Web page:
Three years ago England reached the semi-finals of the 2018 World Cup in Russia with one fixed wingback system. There was no alternative, no plan B, and when it came unstuck, as it did against Belgium and Croatia, Gareth Southgate had nowhere to turn.
In the intervening period Southgate and his assistant Steve Holland have developed a team with the ability to shapeshift, to confront and confound any given opponent. England could have gone with a back three and wingbacks to match Denmark’s system on Wednesday night, as they did successfully to beat Germany, but here Southgate decided to go on the front foot and ask the Danes if they could live with England’s more attacking approach. Before kick-off Gary Neville voiced his concerns over that move, saying it made him “nervous”, but Southgate was vindicated within minutes.
England’s back-four system can be hard to pin down at times and looks very different with and without possession, but it is broadly a lop-sided 4-2-3-1 where Luke Shaw is more advanced than Kyle Walker, Declan Rice is more cautious than Kalvin Phillips, and Raheem Sterling drives at the heart as Bukayo Saka sneaks around the sides. At Wembley it quickly became the clear that the system was overwhelming Denmark through sheer attacking numbers. At times Rice picked up the ball and looked forwards to see the Danish defence pinned back with Shaw and Saka as England’s wingers, Mason Mount and Sterling as the central forwards, and Harry Kane dropping in at No10 with Phillips in support.
Shaw’s forward runs helped to occupy the Danish right-wingback Stryger Larsen, leaving Rice to fill the left-sided space from where he directed spells of possession and maintained pressure. The only early problem came when Denmark built from the back and Larsen lurked in between Sterling, who was pressing high, and Shaw in defence. Denmark’s central defender Simon Kjaer fed Larsen and Shaw pressed too late; within seconds Denmark were out and in behind England’s defensive line, requiring a recovery run from Kyle Walker to avert the danger.
Walker’s role was another benefit of the back four. He used his pace from right-back to cover his centre-halves on a couple of occasions, but just as significant was his speed out on the touchline where he nullified Denmark’s left-wingback Joakim Maehle, one of the tournament’s standout players. Denmark’s wingbacks were kept busy on defensive duties and effectively formed a back five, so England were able to outnumber their opponents in midfield and the game’s pattern was formed: England smothered as Denmark were held down and tried to resist.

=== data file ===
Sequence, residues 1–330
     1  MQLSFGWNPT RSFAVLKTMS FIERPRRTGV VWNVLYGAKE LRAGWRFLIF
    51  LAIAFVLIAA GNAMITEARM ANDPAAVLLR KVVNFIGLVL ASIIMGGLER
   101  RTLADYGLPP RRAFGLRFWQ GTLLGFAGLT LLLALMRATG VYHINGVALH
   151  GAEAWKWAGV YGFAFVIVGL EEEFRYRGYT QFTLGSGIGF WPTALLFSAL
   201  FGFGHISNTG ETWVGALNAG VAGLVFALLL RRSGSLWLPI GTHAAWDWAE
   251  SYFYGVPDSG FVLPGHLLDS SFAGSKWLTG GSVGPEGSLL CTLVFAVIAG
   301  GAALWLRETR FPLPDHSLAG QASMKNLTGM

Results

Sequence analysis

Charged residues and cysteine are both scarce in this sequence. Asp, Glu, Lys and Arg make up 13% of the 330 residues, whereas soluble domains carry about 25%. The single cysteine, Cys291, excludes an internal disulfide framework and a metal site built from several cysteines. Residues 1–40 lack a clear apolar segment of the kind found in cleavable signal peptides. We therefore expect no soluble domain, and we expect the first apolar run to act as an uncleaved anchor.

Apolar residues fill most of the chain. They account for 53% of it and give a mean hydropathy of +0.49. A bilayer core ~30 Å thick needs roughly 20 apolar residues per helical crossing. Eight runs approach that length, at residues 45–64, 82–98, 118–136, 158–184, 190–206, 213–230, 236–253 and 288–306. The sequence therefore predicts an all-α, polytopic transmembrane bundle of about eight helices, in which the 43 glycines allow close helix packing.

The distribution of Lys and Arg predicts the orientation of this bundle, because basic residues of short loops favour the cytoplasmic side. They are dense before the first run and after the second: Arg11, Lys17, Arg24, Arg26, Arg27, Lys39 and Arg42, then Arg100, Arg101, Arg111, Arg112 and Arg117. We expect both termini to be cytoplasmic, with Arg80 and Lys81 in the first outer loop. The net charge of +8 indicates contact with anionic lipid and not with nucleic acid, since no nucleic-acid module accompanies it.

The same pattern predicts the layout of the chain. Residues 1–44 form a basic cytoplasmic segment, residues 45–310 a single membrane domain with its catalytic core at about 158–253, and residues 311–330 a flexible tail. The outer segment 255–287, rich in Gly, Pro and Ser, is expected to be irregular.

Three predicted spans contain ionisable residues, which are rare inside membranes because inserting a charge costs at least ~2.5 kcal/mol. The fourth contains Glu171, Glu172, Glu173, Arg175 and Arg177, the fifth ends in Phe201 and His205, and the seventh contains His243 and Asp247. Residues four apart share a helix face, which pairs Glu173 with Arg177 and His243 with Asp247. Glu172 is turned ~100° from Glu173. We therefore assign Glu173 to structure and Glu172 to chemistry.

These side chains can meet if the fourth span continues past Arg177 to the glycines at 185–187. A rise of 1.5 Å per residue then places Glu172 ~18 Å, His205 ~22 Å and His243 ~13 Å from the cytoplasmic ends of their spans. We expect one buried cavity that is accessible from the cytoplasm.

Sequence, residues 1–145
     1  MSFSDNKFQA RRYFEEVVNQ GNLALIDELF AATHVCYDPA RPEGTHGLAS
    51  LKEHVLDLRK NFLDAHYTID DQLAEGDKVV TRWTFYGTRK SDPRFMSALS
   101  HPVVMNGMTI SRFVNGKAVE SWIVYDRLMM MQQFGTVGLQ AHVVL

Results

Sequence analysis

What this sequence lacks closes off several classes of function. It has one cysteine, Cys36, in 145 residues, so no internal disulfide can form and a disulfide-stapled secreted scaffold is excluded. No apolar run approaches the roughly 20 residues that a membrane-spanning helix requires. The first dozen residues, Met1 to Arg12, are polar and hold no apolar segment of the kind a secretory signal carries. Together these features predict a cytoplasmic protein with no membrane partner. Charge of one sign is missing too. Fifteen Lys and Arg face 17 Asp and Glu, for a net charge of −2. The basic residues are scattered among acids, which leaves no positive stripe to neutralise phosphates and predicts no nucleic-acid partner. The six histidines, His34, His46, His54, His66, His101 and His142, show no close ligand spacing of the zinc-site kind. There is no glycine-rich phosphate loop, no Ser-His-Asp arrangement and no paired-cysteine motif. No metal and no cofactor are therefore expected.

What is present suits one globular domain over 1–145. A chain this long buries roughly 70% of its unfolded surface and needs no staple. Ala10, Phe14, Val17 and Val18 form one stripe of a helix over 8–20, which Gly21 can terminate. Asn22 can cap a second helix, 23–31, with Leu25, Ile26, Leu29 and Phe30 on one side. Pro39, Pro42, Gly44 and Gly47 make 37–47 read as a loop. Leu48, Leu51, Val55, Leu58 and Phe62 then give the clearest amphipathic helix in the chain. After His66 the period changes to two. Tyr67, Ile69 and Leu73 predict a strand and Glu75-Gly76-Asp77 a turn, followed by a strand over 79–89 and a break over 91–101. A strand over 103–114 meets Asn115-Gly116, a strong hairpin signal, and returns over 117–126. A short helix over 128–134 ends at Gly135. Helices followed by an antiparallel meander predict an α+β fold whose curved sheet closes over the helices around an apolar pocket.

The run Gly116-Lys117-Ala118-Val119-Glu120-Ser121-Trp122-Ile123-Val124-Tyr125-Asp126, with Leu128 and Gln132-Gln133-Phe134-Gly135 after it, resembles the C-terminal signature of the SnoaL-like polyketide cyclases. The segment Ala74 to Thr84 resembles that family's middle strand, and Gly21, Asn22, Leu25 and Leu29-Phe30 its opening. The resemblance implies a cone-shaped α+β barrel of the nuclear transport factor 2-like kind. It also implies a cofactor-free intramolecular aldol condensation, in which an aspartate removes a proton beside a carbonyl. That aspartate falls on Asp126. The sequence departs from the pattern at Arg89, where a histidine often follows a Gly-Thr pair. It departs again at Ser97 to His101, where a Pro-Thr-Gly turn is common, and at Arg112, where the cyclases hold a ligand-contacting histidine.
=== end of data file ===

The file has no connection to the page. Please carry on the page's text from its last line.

Denmark struggled to get a foothold in open play but their innovative set-pieces did cause England problems, and ultimately earned the first goal. In their quarter-final against Czech Republic the Danes’ set-pieces were fairly orthodox routines but at Wembley they got creative. They crowded Jordan Pickford on the goal line from corners, and clustered tightly before deep set-piece deliveries, which helped draw the free-kick from which Mikkel Damsgaard scored. Most effectively, they created a mini-wall which shuffled sideways to screen Damsgaard’s brilliant free-kick from the sights of Jordan Pickford.
England’s first goal: Kane drops deep and Saka runs beyond
But England were undeterred by the setback of conceding a first tournament goal and stuck to their gameplan. The left flank has been England’s most potent threat during the tournament but it was on the right where they inflicted the most damage here, and two chances came in quick succession down that side. First Saka collected the ball on the right touchline, where he spent most of the match, and drove forwards before feeding a pass in behind the immobile Jannik Vestergaard. Kane collected the ball and crossed for Sterling who shot straight at Kasper Schmeichel. Then, 45 seconds later, the roles reversed: this time Saka ran in behind Vestergaard and Kane dropped deep, swivelled and quickly played him in. In a tournament of own goals, Saka forced yet another.
If anyone had any doubt over Saka’s selection he demonstrated why he was in the team. He makes runs in behind defenders more naturally than Jadon Sancho and Jack Grealish in particular, who prefers the ball to feet, and it is another sign of the strength of the squad and its tactical flexibility that Southgate has been able to pick specific weapons for certain opponents. Saka’s acceleration and intelligent movement could again be key to hurting Italy’s 36-year-old left centre-back Georginio Chiellini and stand-in left-back Emerson Palmieri in the final on Sunday.
At half-time in extra time, Southgate changed formation. Kieran Trippier replaced Grealish and England switched to three at the back. It probably made little difference to the outcome as Denmark were totally spent, but it was a final tactical flourish, perhaps just because he could. England were stuck in one formation three years ago in Russia. Here they have been able to flip shape and personal depending on the challenge, and it has been a key reason for their ability to overcome every obstacle so far.
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